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Hiding assets during divorce is both wrong and illegal

Once you decided to divorce, you were hopefully able to set time aside to sit down with your children and talk about the life changes coming their way. The good news in that regard is that kids are typically quite resilient and adaptable barring any extenuating circumstance that would impede their ability to function in a positive manner.

On the other hand, if you're stressed, they will sense it and they may feel stressed too. Various issues can cause stress levels to soar during a divorce, and trying to fight for what's rightfully yours when a spouse is hiding assets is definitely one of them. If you suspect it, make sure you know how to gather evidence and where to seek support in order to bring it to the court's attention.

Places to look

Perhaps you don't have concrete proof yet that your spouse is trying keep assets from being subject to division in your divorce, but you have a hunch that something is not right. The following list includes common ways that spouses often stash cash or try to give their former partners the short end of the stick during property division proceedings:

  • Some spouses literally hide money, such as in dresser drawers, underground, in closets or post office boxes.
  • Paying back erroneous loans is another common hidden asset scheme. If you're missing cash and your spouse says he or she took it to pay back a friend, and you were not aware your spouse lent that person money, it is definitely cause for further investigation.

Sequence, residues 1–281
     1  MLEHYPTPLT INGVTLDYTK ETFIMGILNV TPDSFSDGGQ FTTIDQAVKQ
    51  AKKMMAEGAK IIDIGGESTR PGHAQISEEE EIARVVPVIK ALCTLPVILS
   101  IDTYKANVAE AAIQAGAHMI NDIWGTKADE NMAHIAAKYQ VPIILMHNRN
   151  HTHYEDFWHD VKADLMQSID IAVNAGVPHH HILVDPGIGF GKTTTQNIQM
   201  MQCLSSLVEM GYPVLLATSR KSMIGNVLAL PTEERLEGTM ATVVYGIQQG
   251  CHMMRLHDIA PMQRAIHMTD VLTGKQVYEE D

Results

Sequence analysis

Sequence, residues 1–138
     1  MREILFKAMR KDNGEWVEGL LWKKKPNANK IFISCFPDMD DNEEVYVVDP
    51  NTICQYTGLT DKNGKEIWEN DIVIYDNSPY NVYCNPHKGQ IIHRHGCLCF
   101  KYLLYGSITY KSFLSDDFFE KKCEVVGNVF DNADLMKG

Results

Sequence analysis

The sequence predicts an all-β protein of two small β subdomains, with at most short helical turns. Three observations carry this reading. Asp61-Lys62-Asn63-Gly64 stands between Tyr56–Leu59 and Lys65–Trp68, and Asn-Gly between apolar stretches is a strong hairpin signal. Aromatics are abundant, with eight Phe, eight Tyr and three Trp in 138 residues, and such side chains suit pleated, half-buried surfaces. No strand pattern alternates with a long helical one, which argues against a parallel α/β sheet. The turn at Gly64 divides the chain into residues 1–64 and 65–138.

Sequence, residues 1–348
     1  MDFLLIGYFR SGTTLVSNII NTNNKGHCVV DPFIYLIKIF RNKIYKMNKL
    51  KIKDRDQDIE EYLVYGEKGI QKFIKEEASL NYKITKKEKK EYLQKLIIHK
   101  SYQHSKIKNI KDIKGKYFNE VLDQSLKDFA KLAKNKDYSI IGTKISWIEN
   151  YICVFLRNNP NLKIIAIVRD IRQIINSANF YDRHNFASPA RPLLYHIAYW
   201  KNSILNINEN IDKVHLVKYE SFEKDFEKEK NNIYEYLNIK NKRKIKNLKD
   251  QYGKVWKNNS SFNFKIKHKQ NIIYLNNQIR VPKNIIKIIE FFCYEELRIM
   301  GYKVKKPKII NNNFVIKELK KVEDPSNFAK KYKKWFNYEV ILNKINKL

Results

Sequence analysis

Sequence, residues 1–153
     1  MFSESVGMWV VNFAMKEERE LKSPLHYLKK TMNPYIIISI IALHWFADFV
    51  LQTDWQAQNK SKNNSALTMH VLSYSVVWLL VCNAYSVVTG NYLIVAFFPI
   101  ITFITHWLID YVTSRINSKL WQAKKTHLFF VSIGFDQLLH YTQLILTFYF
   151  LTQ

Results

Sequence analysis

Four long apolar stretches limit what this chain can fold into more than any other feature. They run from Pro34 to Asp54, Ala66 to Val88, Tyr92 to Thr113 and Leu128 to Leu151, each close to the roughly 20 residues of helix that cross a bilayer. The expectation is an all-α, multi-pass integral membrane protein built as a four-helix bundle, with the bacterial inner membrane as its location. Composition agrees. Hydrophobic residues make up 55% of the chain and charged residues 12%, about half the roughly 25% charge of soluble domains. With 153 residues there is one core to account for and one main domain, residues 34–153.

• Are certain credit cards being over payed? Or taxes? Spouses hiding assets often pay more than they have to on credit card balances or federal tax returns. The surplus creates stashed cash that they can get back after they settle their divorce.

If you review your bank balance on a joint account and learn that your spouse has been making withdrawals without your knowledge, it is probably a red alert that you may have a hidden asset problem.

There are other ways to hide assets. You can ask your spouse about any issue causing you concern. If your spouse meets your questions with defensiveness or anger, this could also potentially count as an additional sign that your ex may not be acting morally or legally upright regarding your marital assets.

Don't panic: Protect your rights

Don't let your anger get the best of you if you learn that your spouse is trying to keep you from obtaining a fair settlement. Instead, talk to someone well-versed in Minnesota property division laws and carefully determine a best course of action to rectify the situation and allow you to move on toward a brighter future.

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